In a vacuum, professional wrestling has always been treated as an entertainment genre that's a little bit different, oftentimes figuratively placed on its own shelf for its fans to defend its uniqueness and for its detractors to point at and poke fun.
But every genre of entertainment and sport at some point dips its toe in the mainstream water, and wrestling is no different. Back in the '80s, when wrestling went from a regional, souped-up carny endeavor to a national product, largely under Vince McMahon's WWF banner, it did so by partnering with the music industry — MTV, Cyndi Lauper, Rock and Wrestling, all roads leading to the first Wrestlemania.
Back then, while wrestling became more chic to watch and admit to watching, there was still a separation of church and state when it came to wrestling and "real" sports. The partnership with the music world was enough to move McMahon's and the WWF's needle.
Today, WWE (the current name of the WWF) is more about making its product feel "real," despite the fact that we all know the outcomes of the matches are predetermined. This is born partially from a smarter fan base (All hail the Internet!) and partially from the rise of MMA in the combat sport realm, a sport that, aesthetically at least, resembles WWE.
To that end, WWE has found a willing partner from, of all places, the self-declared worldwide leader in sports — ESPN. For the past year or two, WWE superstars have been making regular appearances on SportsCenter to do Q&A segments, and not just the big names — last week, Kevin Owens was on the 8 p.m. edition of ESPN's flagship show, and while WWE fans may contest that Owens is indeed a big star, he is not someone the average ESPN viewer would know.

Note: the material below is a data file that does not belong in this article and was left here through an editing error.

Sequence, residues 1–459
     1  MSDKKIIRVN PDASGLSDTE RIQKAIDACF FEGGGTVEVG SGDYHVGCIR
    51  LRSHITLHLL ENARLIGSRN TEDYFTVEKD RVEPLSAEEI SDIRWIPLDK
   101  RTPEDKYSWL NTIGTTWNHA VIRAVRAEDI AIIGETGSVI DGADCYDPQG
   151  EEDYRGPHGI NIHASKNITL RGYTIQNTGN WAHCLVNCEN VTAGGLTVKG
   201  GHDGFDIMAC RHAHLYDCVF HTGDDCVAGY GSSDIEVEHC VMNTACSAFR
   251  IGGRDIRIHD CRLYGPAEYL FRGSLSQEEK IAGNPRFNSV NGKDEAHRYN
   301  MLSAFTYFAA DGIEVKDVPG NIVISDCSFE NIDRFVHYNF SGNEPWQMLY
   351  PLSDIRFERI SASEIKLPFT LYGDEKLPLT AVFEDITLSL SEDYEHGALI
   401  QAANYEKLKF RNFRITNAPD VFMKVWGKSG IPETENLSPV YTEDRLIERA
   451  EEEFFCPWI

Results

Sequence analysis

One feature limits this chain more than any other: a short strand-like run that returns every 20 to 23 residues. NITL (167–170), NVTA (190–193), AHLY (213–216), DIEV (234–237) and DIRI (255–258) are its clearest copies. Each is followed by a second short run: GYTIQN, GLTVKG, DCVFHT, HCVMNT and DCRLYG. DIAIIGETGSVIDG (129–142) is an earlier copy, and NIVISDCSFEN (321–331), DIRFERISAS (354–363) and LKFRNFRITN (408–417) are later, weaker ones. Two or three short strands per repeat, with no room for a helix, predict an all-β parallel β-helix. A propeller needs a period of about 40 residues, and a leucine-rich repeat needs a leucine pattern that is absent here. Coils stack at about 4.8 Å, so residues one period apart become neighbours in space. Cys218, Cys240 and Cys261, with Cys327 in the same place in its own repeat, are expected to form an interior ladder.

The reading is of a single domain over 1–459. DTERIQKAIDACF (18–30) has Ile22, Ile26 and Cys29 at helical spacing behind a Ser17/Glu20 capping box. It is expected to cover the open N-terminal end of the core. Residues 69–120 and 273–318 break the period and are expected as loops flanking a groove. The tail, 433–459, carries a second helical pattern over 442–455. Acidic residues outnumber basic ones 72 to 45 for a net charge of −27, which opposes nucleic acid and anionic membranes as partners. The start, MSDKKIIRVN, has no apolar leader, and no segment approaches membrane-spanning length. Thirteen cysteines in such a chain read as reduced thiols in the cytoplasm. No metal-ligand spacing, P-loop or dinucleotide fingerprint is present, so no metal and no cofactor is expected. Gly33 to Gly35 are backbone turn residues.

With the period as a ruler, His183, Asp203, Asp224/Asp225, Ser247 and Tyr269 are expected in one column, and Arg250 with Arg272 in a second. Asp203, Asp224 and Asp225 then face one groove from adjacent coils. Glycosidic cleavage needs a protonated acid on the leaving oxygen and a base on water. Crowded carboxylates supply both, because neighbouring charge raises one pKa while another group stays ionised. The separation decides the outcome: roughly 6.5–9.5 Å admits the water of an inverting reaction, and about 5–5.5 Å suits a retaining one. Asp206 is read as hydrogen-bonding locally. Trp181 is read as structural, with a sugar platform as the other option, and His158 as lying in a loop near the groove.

SportsCenter has done live shows from Wrestlemania and Summer Slam, and has even run results from those pay-per-views on the crawl at the bottom of the screen later those nights. The high point of this loosely arranged partnership between ESPN and WWE occurred last year when Brock Lesnar announced his WWE contract extension live on SportsCenter, massive at the time because there was legit speculation that Lesnar would be returning to UFC.
That was the high point, that is, until Thursday, when it was announced that 15-time WWE heavyweight champion John Cena would be hosting ESPN's annual ESPY awards show. Cena becomes the first professional wrestler and third athlete (after LeBron James and Lance Armstrong) to host the network's tribute to itself disguised as an awards show.
According to ESPN.com, Cena was asked last week and accepted:
"They asked, and of course I said yes," Cena said. "It goes without saying it's a tremendous honor. The prestige of the show grows every year. It's unbelievable. I obviously accepted, but it doesn't go without its share of nerves. I just want to do the show justice. I'm going to do my due diligence and hopefully we can have a great show."
While it will be difficult for any WWE superstar to achieve the crossover fame of Dwayne "The Rock" Johnson, who makes $15 million per movie in Hollywood, Cena is most certainly the biggest crossover celebrity on the current roster, with credits (and positive reviews) for performances in the movies Trainwreck and Sisters....
Cena has been recovering from January shoulder surgery, but will return to WWE's flagship show, Monday Night RAW, on May 30 after co-hosting NBC's Today Show that morning.
So, yeah, mainstream.
Listen to Sean Pendergast on SportsRadio 610 from 2 to 7 p.m. weekdays. Also, follow him on Twitter at http://twitter.com/SeanTPendergast and like him on Facebook at https://www.facebook.com/SeanTPendergast.
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